Despite being a tasty snack for large birds of prey and many carnivorous mammals, including humans, the Agouti maintains a status of Least Concern. This common rodent barely turns heads in its native gardens and forests of Panama. But, as a child, I used to keep guinea pigs, so seeing this close relative of the wild guinea pig, roaming free in people’s gardens was a truly delightful experience.


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I am a wildlife blogger and traveler, using images & stories to inspire wild connections.


  1. Wonderful photographs. And I saw one once! Or the agouti’s cousin. I may even have a photograph, but it would take hours to find it. All I remember is some vague images of a town we stayed in somewhere in South America. The town itself was not the attraction but a jumping off point for some major site. I can’t remember more.

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  2. I didn’t know anything about the agouti, David. What a fascinating rodent and you made me laugh with the description of their kinky courtship! Haha. Thanks for the excellent first hand description and cute pictures. I’m sure they would have kept me entertained for a long time. 🙂

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  3. They are actually very cute! I say “actually” because not all rodents fall into that description ; ) But their markings, size/shape, and face are very pleasant. And I’ve never heard of this animal before! Love to learn new things, David – thank you!

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  4. Hi David! These photos are incredible!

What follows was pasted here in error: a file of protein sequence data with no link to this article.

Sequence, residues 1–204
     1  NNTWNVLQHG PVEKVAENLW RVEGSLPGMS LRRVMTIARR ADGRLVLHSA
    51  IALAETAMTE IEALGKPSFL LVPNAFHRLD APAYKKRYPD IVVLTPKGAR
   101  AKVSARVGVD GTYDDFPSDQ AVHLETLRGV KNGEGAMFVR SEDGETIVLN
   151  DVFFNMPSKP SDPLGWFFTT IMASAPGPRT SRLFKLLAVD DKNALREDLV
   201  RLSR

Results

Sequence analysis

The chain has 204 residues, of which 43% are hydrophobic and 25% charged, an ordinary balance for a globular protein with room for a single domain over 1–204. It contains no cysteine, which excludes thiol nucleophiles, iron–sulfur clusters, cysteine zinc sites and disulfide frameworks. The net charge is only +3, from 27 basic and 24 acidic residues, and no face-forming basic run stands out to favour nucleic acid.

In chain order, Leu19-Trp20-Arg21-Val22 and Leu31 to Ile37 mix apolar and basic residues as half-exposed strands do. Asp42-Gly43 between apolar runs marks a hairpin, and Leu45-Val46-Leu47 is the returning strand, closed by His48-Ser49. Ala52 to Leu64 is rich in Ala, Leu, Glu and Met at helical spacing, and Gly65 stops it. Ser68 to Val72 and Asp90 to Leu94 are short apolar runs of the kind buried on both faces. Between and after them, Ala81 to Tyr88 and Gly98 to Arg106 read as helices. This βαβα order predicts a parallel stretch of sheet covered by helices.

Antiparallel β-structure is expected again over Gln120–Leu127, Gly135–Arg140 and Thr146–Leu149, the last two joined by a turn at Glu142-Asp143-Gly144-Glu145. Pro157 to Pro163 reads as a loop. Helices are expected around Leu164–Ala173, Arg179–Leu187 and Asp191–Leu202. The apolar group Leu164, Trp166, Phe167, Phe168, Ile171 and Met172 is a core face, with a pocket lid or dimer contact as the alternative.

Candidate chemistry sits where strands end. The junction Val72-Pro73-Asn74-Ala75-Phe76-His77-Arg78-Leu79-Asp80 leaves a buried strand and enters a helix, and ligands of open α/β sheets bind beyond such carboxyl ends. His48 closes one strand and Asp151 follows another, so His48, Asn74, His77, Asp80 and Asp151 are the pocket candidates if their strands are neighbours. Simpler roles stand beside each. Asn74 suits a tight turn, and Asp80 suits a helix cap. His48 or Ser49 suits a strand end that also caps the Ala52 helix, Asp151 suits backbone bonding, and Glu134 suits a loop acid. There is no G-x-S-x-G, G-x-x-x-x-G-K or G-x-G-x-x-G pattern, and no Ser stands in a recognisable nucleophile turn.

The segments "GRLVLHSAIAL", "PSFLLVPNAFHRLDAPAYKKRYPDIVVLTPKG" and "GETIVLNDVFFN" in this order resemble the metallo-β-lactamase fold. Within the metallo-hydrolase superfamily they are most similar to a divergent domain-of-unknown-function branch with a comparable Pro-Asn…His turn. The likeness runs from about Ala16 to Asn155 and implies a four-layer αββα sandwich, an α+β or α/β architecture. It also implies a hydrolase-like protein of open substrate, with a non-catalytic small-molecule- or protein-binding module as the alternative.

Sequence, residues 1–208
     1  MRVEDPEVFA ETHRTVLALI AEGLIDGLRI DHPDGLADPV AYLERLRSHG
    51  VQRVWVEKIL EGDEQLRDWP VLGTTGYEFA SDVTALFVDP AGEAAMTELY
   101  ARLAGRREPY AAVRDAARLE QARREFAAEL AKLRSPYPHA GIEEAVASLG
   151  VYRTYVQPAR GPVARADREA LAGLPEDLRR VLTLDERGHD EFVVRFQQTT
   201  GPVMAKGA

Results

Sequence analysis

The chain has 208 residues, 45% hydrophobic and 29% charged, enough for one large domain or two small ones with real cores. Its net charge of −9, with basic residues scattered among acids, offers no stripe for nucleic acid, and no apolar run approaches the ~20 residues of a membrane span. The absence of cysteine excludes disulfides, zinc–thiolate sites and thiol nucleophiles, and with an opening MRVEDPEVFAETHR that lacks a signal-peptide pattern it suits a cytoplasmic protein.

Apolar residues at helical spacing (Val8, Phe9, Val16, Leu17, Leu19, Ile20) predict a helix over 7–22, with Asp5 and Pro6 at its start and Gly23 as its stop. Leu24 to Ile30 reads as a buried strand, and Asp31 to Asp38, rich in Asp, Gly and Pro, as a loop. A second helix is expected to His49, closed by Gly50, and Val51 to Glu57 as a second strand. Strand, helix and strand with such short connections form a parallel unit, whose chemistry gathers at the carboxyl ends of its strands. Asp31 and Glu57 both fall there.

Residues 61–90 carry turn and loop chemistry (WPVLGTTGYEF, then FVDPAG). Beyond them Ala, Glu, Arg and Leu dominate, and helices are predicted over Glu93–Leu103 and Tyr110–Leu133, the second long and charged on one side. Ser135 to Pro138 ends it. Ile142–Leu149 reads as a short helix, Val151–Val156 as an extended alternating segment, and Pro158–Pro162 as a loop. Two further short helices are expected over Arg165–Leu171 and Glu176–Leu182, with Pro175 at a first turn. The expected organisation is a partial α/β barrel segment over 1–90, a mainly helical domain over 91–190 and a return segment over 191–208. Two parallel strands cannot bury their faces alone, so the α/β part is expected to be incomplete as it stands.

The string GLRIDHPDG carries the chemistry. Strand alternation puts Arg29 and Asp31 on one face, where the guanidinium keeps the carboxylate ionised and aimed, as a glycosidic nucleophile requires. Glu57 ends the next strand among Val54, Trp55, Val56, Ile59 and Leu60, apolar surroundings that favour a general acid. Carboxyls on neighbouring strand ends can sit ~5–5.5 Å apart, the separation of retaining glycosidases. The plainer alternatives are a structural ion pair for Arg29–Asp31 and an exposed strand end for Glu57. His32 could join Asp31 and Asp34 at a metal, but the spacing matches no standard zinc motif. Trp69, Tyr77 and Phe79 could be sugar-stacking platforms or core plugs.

I had one encounter with an agouti while in Belize. I was walking down a dirt road in a tropical rain storm, trying to dodge puddles. I looked up, and there was an agouti not more than 20 feet in front of me in the road! But like many of your encounters, it scampered away before I could snap a picture of it. Not that it would’ve mattered anyway: my cell phone camera seriously struggled to work in the jungle humidity.

    Liked by 1 person

    • I always say that the experience comes first. The photograph is just a bonus. It isn’t easy to use a cell phone camera in 90% humidity! 😄 we almost booked a trip to Belize but finally chose Panamá. Maybe next time! Thanks for your comment and kind words as always, Josh.

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  5. Great post, David, highlighting the beautiful agouti. It always strikes me how quiet they are. I’ve seen them in several different countries around Central and South America, and their coloring is slightly different depending on where you are. Interesting that each hair shaft has two alternating colors, which explains the variations. Also enjoyed hearing about your pursuit.

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    • Thanks for the kind words, Jet! I agree, these little guys are so quiet. They do show up themselves in the open but without making a sound. Interesting that you’ve seen color variations around the region. Thanks for stopping by and taking the time to add to the conversation 🙏😊